Caliginous Junk


deckard_icon.gif leah_icon.gif niles_icon.gif

Scene Title Caliginous Junk
Synopsis Not far from the Hotel California, one Deckard in search of another teeters on the edge of business she'd proooobably actually rather not be involved in. Once Niles has retreated, brother and sister trade status reports as vaguely and awkwardly as possible.
Date May 19, 2009

Ruins of Midtown

Everyone loves a campfire.

There's one burning in Midtown now, warm light sheltered out of easy sight from afar by the low lying shambles of collapsed buildings on either side as the sun sinks low on the broken horizon. The flames burn just a little too fast and too hot to be entirely safe in the midst of all this wreckage, but they did a decent job clearing things out before spraying on kerosine and tossing in a match. It hasn't spread beyond the cluttered tangle of chairs and rotting office furniture it is now.

Cigar in mouth, cell phone in left hand, long, twisted piece of blackish metal in the other, Deckard is not paying excessive amounts of attention to the hotdog pierced by the sharp end over the rubbish fire. Camping! With Flint! He could have his own TV show.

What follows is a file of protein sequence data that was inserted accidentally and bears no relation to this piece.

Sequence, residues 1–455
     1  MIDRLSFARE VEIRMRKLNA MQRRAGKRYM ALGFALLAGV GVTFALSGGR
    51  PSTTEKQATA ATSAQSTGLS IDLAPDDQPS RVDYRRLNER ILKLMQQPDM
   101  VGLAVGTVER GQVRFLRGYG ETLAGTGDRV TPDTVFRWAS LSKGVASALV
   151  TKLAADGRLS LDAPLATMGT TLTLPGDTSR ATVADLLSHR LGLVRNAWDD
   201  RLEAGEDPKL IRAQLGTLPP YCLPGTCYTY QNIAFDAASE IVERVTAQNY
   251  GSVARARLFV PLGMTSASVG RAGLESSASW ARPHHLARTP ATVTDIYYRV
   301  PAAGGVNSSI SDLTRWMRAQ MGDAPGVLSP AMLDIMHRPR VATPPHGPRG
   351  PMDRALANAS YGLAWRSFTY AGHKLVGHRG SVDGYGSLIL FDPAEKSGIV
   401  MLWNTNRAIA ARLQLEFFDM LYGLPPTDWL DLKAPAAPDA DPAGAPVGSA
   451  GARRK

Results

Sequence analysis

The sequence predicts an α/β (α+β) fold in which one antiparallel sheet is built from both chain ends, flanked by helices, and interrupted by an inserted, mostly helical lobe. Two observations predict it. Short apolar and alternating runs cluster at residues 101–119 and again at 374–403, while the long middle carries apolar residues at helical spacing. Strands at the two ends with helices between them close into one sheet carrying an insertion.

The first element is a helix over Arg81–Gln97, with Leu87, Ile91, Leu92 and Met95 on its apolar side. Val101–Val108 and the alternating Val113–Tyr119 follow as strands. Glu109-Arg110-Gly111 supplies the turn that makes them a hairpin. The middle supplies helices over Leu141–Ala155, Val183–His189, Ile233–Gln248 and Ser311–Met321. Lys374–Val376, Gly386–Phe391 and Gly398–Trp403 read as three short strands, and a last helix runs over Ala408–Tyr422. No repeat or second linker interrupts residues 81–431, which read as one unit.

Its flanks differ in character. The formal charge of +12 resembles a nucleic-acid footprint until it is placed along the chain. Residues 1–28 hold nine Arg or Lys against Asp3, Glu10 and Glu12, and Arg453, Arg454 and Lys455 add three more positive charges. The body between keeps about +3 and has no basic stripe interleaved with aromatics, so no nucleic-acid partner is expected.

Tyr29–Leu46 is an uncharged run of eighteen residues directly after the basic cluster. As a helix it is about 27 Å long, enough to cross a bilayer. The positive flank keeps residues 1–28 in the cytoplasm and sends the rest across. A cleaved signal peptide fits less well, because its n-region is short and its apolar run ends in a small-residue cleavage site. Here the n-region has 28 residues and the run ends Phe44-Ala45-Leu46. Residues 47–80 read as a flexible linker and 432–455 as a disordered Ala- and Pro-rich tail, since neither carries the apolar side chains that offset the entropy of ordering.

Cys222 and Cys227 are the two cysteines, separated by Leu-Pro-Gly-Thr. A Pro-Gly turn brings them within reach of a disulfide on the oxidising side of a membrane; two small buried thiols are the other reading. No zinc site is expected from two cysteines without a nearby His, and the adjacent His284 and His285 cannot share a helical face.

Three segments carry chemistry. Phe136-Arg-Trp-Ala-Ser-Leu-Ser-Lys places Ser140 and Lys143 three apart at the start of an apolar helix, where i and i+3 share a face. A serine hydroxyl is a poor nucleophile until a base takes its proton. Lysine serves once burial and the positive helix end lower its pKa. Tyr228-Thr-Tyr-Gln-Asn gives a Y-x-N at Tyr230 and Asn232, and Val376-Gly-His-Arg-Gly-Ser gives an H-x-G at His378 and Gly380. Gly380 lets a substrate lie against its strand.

For those on the approach, his head and shoulders are scruffily familiar over the nearest pile of disjointed crap. His overcoat, clean for a day, is already faded grey with a fresh coat of dust, and while his sunglasses mask evidence of a hangover, he's in dire need of a shave.

His young charge is nursing a hangover too. But when you're the tough kid who gets locked away from booze and cigarettes for six weeks, well, it's easy to overindulge. Especially when there's little else to do in Deckard's company except things that are bad for him.